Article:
When is the last time you truly screwed something up? Being a parent of a young family means I have plenty of personal examples, but my last professional screwup was not being as insightful with my first app, So Quotable. I really believe it would have taken off had I better understood the market fit.

The real impact isn't if you've made a mistake, though, but what you do after you realize an error was made - especially those, like launching a startup, that do not give you a do-over.

The key is to separate the error from your self. It doesn't mean not taking responsibility when you led your company down the wrong path. Instead, it is understanding that a mistake doesn't mean leadership is not in your DNA.

Brene Brown's modern classic Rising Strong explains why that separation is important:

Shame is a focus on self, while guilt is a focus on behavior. This is not just semantics. There's a huge difference between I screwed up (guilt) and I am a screwup (shame). The former is acceptance of our imperfect humanity. The latter is basically an indictment of our very existence.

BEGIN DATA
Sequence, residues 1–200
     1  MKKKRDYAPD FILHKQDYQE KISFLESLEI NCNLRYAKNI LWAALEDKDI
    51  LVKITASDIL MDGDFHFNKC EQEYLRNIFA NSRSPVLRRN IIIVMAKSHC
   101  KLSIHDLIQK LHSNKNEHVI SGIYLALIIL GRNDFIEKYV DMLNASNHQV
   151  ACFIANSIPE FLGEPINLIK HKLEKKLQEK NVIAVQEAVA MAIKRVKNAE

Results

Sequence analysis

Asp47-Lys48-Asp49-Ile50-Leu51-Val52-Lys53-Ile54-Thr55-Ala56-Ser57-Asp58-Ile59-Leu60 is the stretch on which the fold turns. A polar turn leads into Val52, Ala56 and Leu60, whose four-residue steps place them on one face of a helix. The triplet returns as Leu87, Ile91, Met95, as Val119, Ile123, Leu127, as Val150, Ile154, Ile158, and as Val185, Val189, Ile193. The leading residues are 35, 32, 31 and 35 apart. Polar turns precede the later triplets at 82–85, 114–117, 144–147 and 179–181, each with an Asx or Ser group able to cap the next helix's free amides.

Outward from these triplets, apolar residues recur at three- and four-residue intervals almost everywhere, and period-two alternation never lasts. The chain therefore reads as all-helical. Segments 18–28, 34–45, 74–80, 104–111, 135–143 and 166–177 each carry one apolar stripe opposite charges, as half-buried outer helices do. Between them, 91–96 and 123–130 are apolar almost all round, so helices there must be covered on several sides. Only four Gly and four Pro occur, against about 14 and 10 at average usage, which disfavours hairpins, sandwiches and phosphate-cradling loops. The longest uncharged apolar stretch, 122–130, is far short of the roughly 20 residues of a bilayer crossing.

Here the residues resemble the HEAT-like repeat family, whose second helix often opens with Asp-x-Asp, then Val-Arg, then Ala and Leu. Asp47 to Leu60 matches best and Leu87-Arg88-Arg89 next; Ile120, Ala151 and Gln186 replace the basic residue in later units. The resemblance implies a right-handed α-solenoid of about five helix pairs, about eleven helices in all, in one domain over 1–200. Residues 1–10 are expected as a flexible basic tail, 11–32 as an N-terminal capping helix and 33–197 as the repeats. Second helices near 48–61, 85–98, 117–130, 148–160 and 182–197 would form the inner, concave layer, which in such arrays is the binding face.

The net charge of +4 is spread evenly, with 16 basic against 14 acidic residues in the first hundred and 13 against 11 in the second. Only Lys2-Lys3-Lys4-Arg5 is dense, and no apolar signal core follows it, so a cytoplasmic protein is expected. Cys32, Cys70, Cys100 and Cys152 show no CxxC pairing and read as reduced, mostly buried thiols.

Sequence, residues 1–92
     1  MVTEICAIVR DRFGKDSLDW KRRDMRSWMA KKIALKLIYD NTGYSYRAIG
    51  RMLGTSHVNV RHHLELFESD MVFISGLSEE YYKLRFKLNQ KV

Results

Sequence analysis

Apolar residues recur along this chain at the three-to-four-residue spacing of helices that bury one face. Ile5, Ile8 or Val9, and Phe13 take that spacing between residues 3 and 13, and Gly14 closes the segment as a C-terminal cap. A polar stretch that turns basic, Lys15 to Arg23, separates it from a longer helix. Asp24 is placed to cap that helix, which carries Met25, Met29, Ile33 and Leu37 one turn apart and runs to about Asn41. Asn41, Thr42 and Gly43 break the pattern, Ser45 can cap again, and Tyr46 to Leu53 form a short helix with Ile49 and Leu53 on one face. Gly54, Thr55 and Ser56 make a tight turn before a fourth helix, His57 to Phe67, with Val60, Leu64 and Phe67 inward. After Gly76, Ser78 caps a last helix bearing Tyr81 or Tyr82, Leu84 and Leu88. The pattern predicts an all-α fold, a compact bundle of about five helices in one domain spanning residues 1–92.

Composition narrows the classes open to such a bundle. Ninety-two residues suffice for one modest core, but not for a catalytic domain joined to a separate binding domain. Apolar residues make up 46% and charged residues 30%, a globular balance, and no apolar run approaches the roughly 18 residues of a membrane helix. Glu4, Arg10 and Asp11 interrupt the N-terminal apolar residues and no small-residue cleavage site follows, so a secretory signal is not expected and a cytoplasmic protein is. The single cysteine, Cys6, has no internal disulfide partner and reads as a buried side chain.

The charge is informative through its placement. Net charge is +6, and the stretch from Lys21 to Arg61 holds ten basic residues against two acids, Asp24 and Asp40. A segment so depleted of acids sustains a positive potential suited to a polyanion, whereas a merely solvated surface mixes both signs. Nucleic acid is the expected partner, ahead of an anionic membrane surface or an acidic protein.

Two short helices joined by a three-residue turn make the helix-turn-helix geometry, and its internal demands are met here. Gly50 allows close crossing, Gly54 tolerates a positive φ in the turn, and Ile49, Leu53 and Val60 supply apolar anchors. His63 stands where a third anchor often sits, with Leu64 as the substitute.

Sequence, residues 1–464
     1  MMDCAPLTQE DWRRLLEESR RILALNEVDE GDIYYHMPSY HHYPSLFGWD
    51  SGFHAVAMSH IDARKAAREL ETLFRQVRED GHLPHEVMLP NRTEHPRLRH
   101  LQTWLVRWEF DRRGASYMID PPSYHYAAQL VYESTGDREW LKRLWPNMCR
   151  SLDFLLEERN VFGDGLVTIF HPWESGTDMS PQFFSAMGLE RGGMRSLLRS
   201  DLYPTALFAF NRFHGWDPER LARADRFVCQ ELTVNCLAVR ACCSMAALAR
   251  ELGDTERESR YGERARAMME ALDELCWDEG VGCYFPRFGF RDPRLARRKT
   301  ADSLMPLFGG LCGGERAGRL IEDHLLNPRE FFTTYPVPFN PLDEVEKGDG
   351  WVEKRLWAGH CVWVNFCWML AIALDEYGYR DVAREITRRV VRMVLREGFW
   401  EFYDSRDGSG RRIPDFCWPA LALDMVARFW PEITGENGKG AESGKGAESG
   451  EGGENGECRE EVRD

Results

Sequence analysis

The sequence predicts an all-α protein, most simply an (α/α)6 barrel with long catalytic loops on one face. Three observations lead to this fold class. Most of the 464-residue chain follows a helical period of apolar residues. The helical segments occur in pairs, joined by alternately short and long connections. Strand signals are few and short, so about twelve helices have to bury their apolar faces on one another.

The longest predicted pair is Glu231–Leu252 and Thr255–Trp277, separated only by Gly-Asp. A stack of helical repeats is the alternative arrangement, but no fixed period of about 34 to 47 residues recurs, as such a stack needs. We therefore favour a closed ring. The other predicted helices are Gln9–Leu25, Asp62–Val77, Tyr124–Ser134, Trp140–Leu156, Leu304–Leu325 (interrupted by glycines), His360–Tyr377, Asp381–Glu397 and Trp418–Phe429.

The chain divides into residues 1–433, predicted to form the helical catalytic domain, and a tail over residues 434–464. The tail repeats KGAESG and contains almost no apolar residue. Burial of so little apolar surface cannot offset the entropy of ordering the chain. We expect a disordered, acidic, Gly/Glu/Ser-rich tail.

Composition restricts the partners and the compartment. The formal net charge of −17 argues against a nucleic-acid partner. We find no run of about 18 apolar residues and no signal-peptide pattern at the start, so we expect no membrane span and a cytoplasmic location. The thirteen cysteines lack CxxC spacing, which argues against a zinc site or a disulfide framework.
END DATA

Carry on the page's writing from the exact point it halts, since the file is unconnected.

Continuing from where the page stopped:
The weight you carry from a failure can be interpreted as a learning experience or as a career-crippling decision. The size of the failure and the public reaction can make it harder to see it as the former, but how you interpret it is ultimately up to you.

When we don't take our failures well, we lose more than our self esteem. We also lose our passion for the adventure. As X (former Google X) lead Astro Teller said in a recent TED Talk, "We have this interesting balance going: We allow our unchecked optimism to fuel our vision, but then we also harness the enthusiastic skepticism to breathe reality into those visions."

How can your "unchecked optimism" take you to new places, with audacious goals like creating a Mars colony within a few years or quite literally curing cancer, if you're paralyzed by fear of failure? You can't, and, as motivational speaker Steve Harvey said, you'll be safe, but you'll never soar.